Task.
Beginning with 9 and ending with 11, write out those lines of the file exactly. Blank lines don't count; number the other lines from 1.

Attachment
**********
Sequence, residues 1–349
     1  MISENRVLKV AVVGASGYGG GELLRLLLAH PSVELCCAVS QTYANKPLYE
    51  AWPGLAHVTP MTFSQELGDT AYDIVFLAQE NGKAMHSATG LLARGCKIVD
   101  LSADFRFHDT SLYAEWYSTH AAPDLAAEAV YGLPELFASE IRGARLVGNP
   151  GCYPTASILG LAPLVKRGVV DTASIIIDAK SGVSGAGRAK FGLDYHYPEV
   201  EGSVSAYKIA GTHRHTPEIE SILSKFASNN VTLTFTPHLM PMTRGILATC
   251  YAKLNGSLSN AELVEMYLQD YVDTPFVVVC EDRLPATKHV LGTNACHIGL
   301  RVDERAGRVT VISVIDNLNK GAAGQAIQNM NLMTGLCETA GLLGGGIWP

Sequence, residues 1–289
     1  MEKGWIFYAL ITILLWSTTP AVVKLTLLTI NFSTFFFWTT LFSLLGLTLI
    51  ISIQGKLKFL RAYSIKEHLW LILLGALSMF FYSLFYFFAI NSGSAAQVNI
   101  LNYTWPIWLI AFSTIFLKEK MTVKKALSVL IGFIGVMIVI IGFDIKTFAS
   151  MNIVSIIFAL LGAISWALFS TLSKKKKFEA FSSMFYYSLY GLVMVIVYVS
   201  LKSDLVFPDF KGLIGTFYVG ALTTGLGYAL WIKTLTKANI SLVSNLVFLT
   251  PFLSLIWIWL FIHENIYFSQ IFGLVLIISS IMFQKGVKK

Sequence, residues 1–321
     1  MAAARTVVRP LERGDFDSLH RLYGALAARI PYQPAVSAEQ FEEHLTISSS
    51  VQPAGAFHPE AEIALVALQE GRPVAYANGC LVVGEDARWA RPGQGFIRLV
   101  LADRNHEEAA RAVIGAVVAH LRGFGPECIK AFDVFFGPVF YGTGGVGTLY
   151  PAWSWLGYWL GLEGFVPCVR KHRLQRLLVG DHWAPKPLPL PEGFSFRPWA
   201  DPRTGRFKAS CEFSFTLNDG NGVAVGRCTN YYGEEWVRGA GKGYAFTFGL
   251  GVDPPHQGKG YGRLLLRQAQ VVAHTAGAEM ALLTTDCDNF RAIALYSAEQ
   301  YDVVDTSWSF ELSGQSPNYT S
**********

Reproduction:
Sequence, residues 1–289
     1  MEKGWIFYAL ITILLWSTTP AVVKLTLLTI NFSTFFFWTT LFSLLGLTLI
    51  ISIQGKLKFL RAYSIKEHLW LILLGALSMF FYSLFYFFAI NSGSAAQVNI